Overcoming discrimination in South East Asia

Caste-based discrimination excludes people on the basis of birth and directly affects over 200 million people in South Asia.  

Brick Kiln labour

Some of the people most impacted are known as Dalits, literally meaning “broken people.” Considered “impure”, and therefore “untouchable”, they are often restricted to unsafe and exploitative work, such as cleaning out public toilet pits or working in toxic brick-making factories.

Despite the illegality of this so-called “untouchability”, those who are discriminated against on the basis of caste are routinely denied access to education, food and basic rights. 

Dalit children and women are particularly at risk. More than half of Dalit children drop out before finishing primary school, while women suffer the double discrimination of gender and caste, with most being taken out of school early to be sold into marriage and household service at the cost of their own independence.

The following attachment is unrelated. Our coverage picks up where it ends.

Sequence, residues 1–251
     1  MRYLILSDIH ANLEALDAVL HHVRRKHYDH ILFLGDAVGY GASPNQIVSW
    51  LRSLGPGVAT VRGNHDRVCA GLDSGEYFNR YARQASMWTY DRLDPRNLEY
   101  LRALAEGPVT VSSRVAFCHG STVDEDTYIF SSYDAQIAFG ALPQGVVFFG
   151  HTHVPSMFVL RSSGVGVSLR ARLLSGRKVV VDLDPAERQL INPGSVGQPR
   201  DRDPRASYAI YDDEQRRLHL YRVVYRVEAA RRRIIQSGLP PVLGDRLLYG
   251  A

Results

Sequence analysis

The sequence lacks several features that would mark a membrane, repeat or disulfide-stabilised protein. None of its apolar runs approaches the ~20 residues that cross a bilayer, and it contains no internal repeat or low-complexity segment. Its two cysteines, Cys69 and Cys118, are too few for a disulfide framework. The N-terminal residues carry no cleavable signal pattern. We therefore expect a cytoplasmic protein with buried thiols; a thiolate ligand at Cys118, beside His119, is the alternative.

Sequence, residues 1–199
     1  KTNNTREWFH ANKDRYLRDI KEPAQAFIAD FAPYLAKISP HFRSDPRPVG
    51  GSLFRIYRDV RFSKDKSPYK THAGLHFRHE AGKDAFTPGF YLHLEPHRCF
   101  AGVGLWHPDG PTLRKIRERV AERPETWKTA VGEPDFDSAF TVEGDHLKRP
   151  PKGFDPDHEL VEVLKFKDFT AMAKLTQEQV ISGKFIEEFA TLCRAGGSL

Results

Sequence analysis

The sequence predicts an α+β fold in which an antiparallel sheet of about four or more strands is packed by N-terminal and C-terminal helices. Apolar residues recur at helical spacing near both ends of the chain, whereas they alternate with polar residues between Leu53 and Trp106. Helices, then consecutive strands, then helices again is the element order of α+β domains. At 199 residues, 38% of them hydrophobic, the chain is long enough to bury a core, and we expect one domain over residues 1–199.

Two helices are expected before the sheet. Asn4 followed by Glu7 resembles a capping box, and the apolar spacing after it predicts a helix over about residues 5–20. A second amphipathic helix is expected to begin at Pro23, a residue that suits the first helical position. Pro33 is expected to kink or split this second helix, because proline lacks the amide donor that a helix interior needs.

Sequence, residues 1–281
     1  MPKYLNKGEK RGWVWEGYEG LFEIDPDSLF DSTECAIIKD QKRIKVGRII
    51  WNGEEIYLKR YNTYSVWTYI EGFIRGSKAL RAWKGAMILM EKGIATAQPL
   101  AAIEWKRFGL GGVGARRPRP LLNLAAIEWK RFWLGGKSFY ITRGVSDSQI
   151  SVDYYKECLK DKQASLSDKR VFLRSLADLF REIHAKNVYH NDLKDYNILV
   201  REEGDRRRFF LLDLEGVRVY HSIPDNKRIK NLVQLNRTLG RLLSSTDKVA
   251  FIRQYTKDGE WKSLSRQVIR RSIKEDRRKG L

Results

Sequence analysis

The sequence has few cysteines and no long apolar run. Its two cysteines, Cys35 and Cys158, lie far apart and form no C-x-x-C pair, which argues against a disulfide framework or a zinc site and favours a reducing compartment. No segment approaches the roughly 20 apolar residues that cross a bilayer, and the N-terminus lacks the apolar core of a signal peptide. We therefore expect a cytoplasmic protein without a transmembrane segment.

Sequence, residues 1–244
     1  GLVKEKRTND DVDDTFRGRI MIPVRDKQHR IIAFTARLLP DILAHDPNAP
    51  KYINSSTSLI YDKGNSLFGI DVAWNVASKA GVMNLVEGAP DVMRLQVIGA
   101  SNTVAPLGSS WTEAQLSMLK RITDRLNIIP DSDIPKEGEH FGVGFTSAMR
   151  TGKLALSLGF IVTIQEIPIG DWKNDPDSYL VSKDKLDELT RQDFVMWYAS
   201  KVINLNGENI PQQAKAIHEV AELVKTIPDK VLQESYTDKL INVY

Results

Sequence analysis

This system of graded inequality has existed for centuries, widening the ever-growing poverty gap and social and economic progress of millions in South Asia.  


We are supporting 35 projects across South Asia

£ 2,269,110

Last year we gave £2,269,110 in grants.


Last year 130,000 were supported by our projects

How we create change

How we create change


By giving people the tools, support and the skills to lead dignified lives, they become champions of their communities and support others.


Working with grassroots organisations based in South Asia from within the affected communities themselves, we can ensure self-reliance and sustainability.


We bring these organisations together, forming networks which can spread their benefit to more individuals, restarting the cycle of transformation.


Stories from the field


What I admire about Karuna’s work is their grassroots approach to improving the lives of the most marginalised people in India and Nepal. I find their commitment to the education of girls and women particularly inspiring as I believe it’s the greatest gift you can give to anyone

— Kate Atkinson/ Karuna Ambassador